What Adital Ela has to say about making light from wind, and other sustainable design ventures.
We recently learned about Israeli sustainable designer Adital Ela’s work when we heard about her KickStart project to get WindyLights – a design that generates light from wind – on the ground. Since then, we’ve learned that Ela is a key figure in the sustainable design world. She is the founder of S-Sense Design, a design firm that “aspires to design products and systems that embody the outlook of sustainable design and support the promotion of sustainable lifestyles and cultures.” She is also one of the co-founders of the social-environmental design study track at the Holon Institute of Technology (HIT). Intrigued, we had a little chat with Ela to learn more about her work.
A couple weeks ago we wrote about your sustainable lighting design project, WindyLights. Could you tell us a little bit about how the idea for that project first evolved and your vision for the project in the future?
We all know that wind energy can be captured by huge turbines in the middle of the sea or on the top of mountains. But what about the soft gusts of with that are prevalent in the urban environment where people actually ARE? I wanted to explore how can design thinking support a vision in which objects become a direct link between renewable resources and everyday human needs. This is how the project found its way to the idea of small repetitive modules that work on soft winds.
WindyLight wants to become a “high value, fair profit” venture that brings wind operated light solutions to city centers and to remote areas. We are working to create also customized solutions for communities that are not connected to the grid.
How do you usually begin going about innovating and designing a product?
I dedicate my professional life to explore ways in which sustainability designers can envision, illustrate and enable the realization of new and inviting life habits that can thoroughly reform the encounter between man, object and environment. In my work I aspire to create fresh and creative alternatives to our prevalent lifestyle which offer not only social and environmental benefits but also illustrate appealing, sensual, experiential and inspirational products, services and systems.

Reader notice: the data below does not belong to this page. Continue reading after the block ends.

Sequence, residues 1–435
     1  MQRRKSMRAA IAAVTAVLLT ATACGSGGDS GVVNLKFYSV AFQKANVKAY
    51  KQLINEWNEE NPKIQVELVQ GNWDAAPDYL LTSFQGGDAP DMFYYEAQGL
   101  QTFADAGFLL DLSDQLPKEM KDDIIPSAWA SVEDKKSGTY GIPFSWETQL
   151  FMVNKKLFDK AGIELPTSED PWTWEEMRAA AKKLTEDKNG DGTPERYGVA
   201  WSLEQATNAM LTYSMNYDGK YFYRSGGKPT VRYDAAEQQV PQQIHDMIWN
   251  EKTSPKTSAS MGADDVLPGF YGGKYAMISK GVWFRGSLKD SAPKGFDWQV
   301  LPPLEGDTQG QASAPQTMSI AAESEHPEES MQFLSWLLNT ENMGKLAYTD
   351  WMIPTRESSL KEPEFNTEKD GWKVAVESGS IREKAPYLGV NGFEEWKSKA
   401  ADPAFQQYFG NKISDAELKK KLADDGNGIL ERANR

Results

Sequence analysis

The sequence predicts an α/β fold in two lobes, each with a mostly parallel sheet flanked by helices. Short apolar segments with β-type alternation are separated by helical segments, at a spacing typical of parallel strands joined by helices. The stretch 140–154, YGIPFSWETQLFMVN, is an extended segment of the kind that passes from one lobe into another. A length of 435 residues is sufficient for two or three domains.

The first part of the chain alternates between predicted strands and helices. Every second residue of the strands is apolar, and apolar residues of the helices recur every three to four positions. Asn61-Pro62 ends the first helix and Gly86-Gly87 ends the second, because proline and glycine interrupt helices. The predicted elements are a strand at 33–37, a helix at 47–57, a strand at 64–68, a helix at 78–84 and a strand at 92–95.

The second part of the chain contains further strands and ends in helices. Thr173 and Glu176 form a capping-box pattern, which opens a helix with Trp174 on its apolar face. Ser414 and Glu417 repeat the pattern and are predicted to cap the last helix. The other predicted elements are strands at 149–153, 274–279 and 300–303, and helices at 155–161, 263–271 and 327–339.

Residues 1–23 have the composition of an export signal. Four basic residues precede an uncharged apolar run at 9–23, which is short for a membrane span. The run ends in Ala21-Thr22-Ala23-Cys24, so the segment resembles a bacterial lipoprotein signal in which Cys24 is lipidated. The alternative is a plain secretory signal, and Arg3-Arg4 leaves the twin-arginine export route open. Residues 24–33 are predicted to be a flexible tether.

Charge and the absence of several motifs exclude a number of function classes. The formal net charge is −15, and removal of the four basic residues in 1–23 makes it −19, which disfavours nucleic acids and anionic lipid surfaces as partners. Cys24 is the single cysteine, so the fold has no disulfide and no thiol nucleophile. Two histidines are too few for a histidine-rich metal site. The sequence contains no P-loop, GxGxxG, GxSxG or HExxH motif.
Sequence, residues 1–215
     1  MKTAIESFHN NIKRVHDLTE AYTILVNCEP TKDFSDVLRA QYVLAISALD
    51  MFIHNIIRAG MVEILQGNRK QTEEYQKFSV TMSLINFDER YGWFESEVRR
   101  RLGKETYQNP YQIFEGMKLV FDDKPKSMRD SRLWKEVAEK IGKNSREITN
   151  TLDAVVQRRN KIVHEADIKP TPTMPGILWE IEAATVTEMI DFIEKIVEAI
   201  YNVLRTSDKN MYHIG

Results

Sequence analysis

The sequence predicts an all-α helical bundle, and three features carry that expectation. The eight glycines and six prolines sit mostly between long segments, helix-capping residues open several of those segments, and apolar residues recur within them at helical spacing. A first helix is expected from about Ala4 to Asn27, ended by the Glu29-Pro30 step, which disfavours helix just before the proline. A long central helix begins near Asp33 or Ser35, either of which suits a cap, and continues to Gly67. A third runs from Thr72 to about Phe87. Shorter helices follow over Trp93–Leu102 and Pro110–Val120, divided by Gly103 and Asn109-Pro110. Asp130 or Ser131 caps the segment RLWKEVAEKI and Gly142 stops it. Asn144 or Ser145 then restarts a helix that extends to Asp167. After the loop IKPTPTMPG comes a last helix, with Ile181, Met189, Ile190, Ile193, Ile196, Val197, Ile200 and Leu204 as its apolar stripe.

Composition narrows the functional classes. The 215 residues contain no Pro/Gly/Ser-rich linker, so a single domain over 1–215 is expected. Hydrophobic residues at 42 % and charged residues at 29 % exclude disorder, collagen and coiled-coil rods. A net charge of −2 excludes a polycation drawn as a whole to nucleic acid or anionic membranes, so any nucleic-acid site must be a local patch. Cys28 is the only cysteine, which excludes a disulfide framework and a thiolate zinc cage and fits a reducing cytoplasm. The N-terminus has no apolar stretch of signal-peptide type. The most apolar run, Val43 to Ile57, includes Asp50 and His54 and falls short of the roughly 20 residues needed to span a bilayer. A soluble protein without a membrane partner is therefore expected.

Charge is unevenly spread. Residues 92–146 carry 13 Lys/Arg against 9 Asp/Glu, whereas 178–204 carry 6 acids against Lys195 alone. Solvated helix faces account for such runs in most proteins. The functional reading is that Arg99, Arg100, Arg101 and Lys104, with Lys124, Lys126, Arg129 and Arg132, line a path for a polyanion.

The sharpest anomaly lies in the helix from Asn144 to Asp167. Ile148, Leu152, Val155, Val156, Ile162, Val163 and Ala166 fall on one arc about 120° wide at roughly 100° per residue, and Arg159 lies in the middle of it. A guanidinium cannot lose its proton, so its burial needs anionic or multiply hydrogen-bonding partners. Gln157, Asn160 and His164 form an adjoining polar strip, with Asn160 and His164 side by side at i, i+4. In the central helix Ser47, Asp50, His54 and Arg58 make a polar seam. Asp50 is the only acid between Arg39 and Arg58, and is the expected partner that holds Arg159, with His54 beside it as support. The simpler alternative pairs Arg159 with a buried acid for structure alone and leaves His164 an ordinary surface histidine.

With this motivation and from these glasses I look at the world and explore until I find a starting point for a design process that I feel can lead me to supporting the vision of design that comes from a deep sense of participation.
You have been involved in the sustainable design sector in Israel for many years. Do you think the field is developing, changing? Do you see more of a shift towards sustainable design in Israel?
I would say yes. I feel that the community that is dedicated to the idea of sustainability is growing all the time. My ideas that were thought to be very radical seven years ago are accepted by more and more people. I feel that we still have a huge challenge in exposing more designers to the visions and tools of design for sustainability in a much earlier stage of their studies. I also feel that the business sector is still very slow in its adaptation to these concepts and that very few brave decisions are being made.
Do you think that sustainable design is a growing field in the Middle East at large?
To be honest, I am not sure about this. A few months ago I tried to locate partners for a local sustainability design network as part of the global desis- design for social innovation (www.desis-network.org) and had a very hard time to locate collaborators..
You were also one of the founders of the social-environmental design study track at the Holon Institute of Technology (HIT). What is the demand for that track, and are there other educational institutions in Israel that offer similar programs?
The study track is a two years program within the four years of product design studies. It aims to expose the students to the most updated visions, tools and study cases in the field of design for sustainability. Students develop different projects around the theme of design for sustainability and for sustainable life habits and we also focus on more social concepts such as design for all and design for special needs. It is a very unique program here in Israel and also rather unique on a global level.
What are some of the courses offered through the HIT social-environmental design study track?
Design for sustainability, design that supports sustainable life habits, edible and biodegradable, design for all, design for special needs. Students also develop their own final projects in the field.
: :Adital Ela